How To Make Your Halloween Mask Fit Perfectly – Part 2

After writing the first Blog based on how to make you Halloween mask fit perfectly, a few more things came to me that I wish I wrote in the first round.  As a result, I decided to add them in Part 2 to the original Blog.

First, the eye cuts.  Although we like small eye cuts and sculpted eyes in our masks, there are a lot of people that like their own eyes totally exposed.  So if you like the design of a mask, but it has sculpted eye, don’t worry, you can still pick up the mask, all you have to do is cut the eyes out.  Don’t worry, it’s easy.  If this is something you want to do, start with a small and sharp pair of scissors.  Next, find the sculpt lines of the eyes and start cutting them out.  Make sure to take your time and try and cut in one smooth motion, in other words, don’t lift the scissors and start cutting again and again, this will cause jagged edges, which can only be corrected with a dremel.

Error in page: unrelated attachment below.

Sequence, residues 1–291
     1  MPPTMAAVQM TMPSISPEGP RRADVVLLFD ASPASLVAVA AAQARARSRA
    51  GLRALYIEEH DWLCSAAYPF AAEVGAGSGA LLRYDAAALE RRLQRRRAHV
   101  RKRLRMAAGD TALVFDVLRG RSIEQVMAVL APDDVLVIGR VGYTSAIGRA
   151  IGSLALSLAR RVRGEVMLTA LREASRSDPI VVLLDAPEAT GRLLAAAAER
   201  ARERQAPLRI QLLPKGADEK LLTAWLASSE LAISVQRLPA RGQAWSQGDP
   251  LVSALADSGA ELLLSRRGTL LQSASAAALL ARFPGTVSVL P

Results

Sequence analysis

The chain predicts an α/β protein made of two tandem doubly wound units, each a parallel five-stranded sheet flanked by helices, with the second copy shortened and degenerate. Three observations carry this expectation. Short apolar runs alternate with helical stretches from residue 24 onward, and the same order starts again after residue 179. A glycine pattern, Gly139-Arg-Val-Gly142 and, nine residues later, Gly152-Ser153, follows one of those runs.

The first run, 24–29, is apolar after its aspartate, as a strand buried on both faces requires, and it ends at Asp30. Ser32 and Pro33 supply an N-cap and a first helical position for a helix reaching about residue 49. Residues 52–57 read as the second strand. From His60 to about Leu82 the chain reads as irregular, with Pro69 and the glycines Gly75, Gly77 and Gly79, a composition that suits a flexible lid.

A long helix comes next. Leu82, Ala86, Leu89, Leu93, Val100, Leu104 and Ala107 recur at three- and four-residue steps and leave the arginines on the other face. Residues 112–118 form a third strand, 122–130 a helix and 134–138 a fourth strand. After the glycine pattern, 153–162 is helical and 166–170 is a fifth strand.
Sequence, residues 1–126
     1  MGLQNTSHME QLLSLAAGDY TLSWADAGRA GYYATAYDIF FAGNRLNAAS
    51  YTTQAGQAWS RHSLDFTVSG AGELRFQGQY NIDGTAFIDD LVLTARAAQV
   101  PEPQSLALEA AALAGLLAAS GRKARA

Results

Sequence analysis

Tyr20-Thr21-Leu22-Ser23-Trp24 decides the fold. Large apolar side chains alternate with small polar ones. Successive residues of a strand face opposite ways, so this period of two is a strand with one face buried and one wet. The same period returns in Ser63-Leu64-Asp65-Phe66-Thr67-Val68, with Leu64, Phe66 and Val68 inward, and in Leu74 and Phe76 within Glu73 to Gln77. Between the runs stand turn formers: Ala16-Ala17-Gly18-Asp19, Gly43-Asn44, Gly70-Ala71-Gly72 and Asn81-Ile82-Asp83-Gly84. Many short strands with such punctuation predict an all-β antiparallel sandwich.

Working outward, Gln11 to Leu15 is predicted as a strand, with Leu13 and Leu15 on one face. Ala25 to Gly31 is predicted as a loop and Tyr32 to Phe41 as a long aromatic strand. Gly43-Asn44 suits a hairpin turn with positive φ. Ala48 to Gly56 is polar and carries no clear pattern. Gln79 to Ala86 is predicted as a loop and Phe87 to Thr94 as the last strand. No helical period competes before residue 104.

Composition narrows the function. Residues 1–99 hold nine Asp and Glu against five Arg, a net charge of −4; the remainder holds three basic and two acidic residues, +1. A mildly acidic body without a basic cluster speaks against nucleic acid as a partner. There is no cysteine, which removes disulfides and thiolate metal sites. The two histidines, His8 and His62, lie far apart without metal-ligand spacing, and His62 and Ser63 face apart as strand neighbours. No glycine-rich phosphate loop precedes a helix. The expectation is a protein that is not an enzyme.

Next, lets talk about the mouth.  Similar to eyes, some people like to have the mouth slit open, so that they can get mouth movement when they talk or can drink through the mask’s mouth.  This is easy to do as well and will also require a small and sharp pair of scissors.  Again, find the sculpt line of the mask and cut the line where the lips come together.  Now since the mouth will now open when you talk, it is important to make sure the cut won’t run, so I recommend you cut a small semi circle at the end of each cut, or use a very small hole puncher.